It depends what you mean by essential. In Marx's letter to Meyer of 30
April 1867, he writes:
'_Volume 1_ comprises the _'Process of Capitalist Production'_. Besides
the general scientific exposition, I describe in great detail, from hitherto
unused _official_ sources, the condition of the English agricultural and
industrial proletariat _during the last twenty years_, ditto _Irish_
conditions. You will, of course, understand that all this serves me only as
an _'argumentum ad hominem'_.'
The 'only' might provide a clue here that indicates that this material is
subordinate and replaceable by other similar material. Obviously the
analysis of the processes in which capital involves capitalists and wage
labour could not be removed or replaced. But since it was essential for
Marx to be understood by workers, it was also essential for him to provide
a wealth of illustrative material, as in fact he does throughout Capital,
and not just in relation to the conditions of the proletariat. I have
constantly been struck by how often these illustrative examples have helped
clarify non-intuitive theoretical points for me in my own reading of Marx,
and how difficult it is to assimilate these points given a bare-bones
honed-down theoretical presentation.
>If one views capitalism as a dynamic dialectic in which the logic of capital
>and the logic of the class struggle are played out, with indeterminate and non-
>inevitable consequences, then one might emphasize, as the "Open Marxists" do,
>becoming involved in the day-to-day struggles that occur on the shop floor or
>in the community.
>Let me give an example. When I was in the SWP, we were encouraged to be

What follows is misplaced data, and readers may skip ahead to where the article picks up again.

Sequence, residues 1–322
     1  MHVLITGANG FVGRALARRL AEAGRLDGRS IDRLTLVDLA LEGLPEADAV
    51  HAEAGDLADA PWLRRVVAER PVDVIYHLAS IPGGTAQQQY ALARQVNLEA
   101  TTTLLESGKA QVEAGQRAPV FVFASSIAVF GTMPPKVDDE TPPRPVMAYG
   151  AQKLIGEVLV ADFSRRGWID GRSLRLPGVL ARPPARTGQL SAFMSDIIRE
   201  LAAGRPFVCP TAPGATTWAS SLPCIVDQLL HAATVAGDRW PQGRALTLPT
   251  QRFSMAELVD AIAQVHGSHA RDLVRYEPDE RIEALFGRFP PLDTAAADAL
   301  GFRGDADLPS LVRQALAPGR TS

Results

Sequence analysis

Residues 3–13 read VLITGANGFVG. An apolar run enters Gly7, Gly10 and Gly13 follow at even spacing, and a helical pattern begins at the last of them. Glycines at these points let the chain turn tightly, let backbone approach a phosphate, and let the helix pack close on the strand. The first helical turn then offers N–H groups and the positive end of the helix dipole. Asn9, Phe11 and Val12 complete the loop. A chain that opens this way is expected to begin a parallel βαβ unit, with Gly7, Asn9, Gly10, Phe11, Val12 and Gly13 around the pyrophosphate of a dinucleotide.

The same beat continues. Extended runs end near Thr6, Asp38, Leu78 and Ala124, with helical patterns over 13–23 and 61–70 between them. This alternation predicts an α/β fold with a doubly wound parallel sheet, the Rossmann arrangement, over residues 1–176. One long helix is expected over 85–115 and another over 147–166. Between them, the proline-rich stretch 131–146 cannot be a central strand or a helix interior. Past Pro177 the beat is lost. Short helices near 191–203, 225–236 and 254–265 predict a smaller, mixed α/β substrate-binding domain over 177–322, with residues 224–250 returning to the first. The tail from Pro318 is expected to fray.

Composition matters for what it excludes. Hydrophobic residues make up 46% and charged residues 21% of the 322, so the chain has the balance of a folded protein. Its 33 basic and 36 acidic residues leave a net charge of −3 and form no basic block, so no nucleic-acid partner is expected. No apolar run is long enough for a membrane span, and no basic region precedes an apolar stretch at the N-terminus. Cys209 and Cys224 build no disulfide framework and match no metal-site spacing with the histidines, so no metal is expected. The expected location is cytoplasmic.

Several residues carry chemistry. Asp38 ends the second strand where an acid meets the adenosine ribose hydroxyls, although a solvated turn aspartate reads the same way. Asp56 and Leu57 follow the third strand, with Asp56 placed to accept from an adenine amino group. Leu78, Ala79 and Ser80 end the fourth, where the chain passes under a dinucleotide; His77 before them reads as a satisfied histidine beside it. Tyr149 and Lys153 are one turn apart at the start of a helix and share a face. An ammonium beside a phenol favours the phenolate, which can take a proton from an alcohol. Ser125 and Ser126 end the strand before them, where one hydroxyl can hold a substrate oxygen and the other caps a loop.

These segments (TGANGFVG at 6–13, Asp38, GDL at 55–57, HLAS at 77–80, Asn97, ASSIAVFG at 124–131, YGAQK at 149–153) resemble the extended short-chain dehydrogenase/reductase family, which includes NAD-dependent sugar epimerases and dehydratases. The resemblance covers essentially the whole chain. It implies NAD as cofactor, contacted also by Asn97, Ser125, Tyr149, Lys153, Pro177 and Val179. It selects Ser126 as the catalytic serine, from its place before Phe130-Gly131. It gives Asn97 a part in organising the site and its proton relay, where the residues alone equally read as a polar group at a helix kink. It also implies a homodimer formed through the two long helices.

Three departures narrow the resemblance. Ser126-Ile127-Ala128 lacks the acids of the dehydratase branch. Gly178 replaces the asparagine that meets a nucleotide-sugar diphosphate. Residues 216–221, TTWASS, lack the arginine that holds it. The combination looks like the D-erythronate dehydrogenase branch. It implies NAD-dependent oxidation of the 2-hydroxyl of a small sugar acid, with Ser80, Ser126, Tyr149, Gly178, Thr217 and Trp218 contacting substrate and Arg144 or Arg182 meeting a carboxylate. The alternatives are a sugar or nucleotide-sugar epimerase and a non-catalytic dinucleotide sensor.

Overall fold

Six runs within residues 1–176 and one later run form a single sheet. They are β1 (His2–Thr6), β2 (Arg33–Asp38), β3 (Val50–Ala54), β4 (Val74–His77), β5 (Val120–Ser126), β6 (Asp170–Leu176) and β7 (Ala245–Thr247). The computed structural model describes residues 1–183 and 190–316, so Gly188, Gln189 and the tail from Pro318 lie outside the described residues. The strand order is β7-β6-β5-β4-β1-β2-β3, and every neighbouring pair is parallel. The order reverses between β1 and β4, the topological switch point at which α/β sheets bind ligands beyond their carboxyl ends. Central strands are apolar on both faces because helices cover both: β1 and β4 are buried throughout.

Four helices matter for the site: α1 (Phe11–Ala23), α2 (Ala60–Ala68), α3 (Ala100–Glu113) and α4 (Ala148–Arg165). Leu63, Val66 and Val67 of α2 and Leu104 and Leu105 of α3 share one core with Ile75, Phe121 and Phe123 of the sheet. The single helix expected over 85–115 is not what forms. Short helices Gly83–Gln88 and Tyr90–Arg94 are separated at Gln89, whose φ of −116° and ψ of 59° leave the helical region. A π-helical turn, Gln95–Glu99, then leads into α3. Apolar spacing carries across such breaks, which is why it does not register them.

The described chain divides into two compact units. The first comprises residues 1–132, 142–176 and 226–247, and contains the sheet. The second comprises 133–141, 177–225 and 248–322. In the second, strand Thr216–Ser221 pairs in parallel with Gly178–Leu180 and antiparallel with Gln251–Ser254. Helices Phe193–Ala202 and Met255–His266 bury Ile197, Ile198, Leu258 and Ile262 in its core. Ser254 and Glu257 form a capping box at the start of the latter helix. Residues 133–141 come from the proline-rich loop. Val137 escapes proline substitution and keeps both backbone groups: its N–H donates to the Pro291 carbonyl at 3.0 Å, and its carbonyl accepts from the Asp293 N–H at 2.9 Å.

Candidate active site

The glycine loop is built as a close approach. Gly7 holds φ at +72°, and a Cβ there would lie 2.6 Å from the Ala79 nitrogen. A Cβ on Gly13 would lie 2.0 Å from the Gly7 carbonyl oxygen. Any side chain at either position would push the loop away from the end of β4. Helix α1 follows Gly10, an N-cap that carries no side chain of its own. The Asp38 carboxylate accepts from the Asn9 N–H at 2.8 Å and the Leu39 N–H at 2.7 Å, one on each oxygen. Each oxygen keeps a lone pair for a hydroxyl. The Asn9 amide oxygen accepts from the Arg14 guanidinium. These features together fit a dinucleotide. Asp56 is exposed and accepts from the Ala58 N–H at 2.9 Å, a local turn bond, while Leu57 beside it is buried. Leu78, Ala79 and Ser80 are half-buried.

>"model" >workers. We were encouraged *not* to write grievances or complain
>about working >conditions. This was viewed broadly by the SWP leadership as
>"economistic." In >the factories, we were encouraged to raise "political"
>demands and engage in
>"larger" struggles. At the time, I thought this was a big mistake -- and said
>so. Why? It is in the course of their *daily* struggles that the working class
>>becomes class conscious and aware of their own power. This was something that
>other autoworkers who were militants knew better than the SWP leadership.
This awareness of class power, necessary as it is, can be frittered away in
struggles that fail to pose the question of whose power in society. This
has been demonstrated ad nauseam by the French and (notably) the Italian
CPs in their Stalinist tactic of general strikes about everything but the
real question of power. The whole of the Transitional Programme of the
Fourth International is rooted in this question of relating everyday
struggles to the larger issues of power. Engels wrote to Bernstein (17 June
1879) about the necessity of going beyond daily struggles:
'For a number of years past the English working-class movement has
hopelessly describing a narrow circle of strikes for higher wages and
shorter hours, not, however, as an expedient or means of propaganda and
organization but as the ultimate aim. The Trades Unions even bar all
political action on principle and in their charters, and thereby also ban
participation in any general activity of the working class as a class.
[snip] ...One can speak here of a labour movement only in so far as strikes